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Investors in Spark Networks (NASDAQ:LOV) have unfortunately lost 85% over the last three years

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Every investor on earth makes bad calls sometimes. But really bad investments should be rare. So take a moment to sympathize with the long term shareholders of Spark Networks SE (NASDAQ:LOV), who have seen the share price tank a massive 85% over a three year period. That might cause some serious doubts about the merits of the initial decision to buy the stock, to put it mildly. And the ride hasn't got any smoother in recent times over the last year, with the price 67% lower in that time. Shareholders have had an even rougher run lately, with the share price down 15% in the last 90 days. But this could be related to the weak market, which is down 11% in the same period. We really hope anyone holding through that price crash has a diversified portfolio. Even when you lose money, you don't have to lose the lesson.

It's worthwhile assessing if the company's economics have been moving in lockstep with these underwhelming shareholder returns, or if there is some disparity between the two. So let's do just that.

View our latest analysis for Spark Networks

Spark Networks isn't currently profitable, so most analysts would look to revenue growth to get an idea of how fast the underlying business is growing. Shareholders of unprofitable companies usually expect strong revenue growth. As you can imagine, fast revenue growth, when maintained, often leads to fast profit growth.

In the last three years, Spark Networks saw its revenue grow by 19% per year, compound. That's a pretty good rate of top-line growth. So it's hard to believe the share price decline of 23% per year is due to the revenue. It could be that the losses were much larger than expected. This is exactly why investors need to diversify - even when a loss making company grows revenue, it can fail to deliver for shareholders.

The company's revenue and earnings (over time) are depicted in the image below (click to see the exact numbers).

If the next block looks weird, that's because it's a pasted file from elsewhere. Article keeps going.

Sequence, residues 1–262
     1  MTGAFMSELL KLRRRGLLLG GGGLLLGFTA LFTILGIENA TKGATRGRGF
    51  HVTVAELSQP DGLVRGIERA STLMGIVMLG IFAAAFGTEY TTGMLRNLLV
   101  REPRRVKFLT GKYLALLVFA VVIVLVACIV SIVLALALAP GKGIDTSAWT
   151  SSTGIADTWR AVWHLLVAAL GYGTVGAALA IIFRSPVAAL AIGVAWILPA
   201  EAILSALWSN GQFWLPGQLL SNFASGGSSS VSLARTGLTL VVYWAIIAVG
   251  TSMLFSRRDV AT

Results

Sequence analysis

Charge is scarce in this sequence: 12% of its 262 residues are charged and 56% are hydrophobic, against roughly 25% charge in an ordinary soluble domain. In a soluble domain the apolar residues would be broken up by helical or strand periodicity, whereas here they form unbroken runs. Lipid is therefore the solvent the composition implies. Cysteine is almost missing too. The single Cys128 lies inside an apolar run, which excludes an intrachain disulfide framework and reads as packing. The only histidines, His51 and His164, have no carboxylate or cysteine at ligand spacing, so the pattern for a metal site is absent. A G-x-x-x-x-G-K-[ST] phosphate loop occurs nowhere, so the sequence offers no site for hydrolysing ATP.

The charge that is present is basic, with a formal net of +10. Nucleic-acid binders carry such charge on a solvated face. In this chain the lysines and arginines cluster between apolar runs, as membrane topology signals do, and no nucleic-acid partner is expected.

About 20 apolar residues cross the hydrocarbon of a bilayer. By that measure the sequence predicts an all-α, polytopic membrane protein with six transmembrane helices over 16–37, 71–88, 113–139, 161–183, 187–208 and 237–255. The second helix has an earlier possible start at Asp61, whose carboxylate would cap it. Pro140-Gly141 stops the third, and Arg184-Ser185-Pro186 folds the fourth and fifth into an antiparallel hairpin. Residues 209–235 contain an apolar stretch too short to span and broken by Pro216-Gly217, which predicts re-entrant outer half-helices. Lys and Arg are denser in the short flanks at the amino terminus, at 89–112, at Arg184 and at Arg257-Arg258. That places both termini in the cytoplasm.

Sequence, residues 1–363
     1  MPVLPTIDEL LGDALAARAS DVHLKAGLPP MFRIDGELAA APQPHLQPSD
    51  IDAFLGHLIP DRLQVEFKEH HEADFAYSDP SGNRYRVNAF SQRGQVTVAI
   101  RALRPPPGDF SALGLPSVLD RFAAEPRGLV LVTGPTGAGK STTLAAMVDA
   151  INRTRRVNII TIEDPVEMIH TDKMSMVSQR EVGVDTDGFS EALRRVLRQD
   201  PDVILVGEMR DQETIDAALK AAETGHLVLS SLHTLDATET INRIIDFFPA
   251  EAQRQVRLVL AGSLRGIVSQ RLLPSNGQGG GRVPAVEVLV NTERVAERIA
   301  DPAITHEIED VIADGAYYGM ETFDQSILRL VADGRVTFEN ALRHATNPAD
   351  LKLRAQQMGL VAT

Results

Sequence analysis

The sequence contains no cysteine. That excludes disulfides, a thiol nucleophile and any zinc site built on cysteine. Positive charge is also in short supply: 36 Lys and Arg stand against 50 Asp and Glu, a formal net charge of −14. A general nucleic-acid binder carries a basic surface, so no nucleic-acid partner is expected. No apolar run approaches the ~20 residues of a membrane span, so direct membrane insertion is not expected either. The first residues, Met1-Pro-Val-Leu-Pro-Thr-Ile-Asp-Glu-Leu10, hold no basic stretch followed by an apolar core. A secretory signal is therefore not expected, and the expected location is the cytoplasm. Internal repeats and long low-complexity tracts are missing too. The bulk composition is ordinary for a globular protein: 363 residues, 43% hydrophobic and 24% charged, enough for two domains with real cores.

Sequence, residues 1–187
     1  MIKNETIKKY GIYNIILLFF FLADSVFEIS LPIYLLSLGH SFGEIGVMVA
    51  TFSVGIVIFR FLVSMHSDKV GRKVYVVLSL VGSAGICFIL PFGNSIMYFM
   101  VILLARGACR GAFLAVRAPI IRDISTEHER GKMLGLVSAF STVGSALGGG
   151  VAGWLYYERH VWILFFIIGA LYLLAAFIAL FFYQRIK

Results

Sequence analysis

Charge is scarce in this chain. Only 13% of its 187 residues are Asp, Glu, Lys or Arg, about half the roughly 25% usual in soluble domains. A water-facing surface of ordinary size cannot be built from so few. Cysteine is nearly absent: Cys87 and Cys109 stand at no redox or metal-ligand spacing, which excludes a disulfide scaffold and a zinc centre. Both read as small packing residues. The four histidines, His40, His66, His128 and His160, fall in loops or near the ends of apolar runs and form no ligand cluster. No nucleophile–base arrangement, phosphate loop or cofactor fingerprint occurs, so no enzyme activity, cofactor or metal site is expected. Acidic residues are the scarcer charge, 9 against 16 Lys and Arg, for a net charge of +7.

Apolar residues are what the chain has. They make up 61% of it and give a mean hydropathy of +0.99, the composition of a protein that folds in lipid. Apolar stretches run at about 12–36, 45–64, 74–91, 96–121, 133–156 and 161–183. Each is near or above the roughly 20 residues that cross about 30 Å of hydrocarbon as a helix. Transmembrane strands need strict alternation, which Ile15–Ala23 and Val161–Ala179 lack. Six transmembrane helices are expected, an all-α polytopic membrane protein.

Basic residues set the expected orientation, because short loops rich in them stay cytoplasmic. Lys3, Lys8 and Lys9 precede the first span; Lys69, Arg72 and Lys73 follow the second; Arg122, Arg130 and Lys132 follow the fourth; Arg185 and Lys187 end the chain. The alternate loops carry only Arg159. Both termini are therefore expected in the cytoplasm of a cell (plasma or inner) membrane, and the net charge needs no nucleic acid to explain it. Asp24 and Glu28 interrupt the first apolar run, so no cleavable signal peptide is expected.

earnings-and-revenue-growth
earnings-and-revenue-growth

We consider it positive that insiders have made significant purchases in the last year. Even so, future earnings will be far more important to whether current shareholders make money. This free report showing analyst forecasts should help you form a view on Spark Networks

A Different Perspective

Spark Networks shareholders are down 67% for the year, falling short of the market return. Meanwhile, the broader market slid about 9.0%, likely weighing on the stock. Shareholders have lost 23% per year over the last three years, so the share price drop has become steeper, over the last year; a potential symptom of as yet unsolved challenges. We would be wary of buying into a company with unsolved problems, although some investors will buy into struggling stocks if they believe the price is sufficiently attractive. I find it very interesting to look at share price over the long term as a proxy for business performance. But to truly gain insight, we need to consider other information, too. For instance, we've identified 3 warning signs for Spark Networks (1 is potentially serious) that you should be aware of.

If you like to buy stocks alongside management, then you might just love this free list of companies. (Hint: insiders have been buying them).

Please note, the market returns quoted in this article reflect the market weighted average returns of stocks that currently trade on US exchanges.

Have feedback on this article? Concerned about the content? Get in touch with us directly. Alternatively, email editorial-team (at) simplywallst.com.

This article by Simply Wall St is general in nature. We provide commentary based on historical data and analyst forecasts only using an unbiased methodology and our articles are not intended to be financial advice. It does not constitute a recommendation to buy or sell any stock, and does not take account of your objectives, or your financial situation. We aim to bring you long-term focused analysis driven by fundamental data. Note that our analysis may not factor in the latest price-sensitive company announcements or qualitative material. Simply Wall St has no position in any stocks mentioned.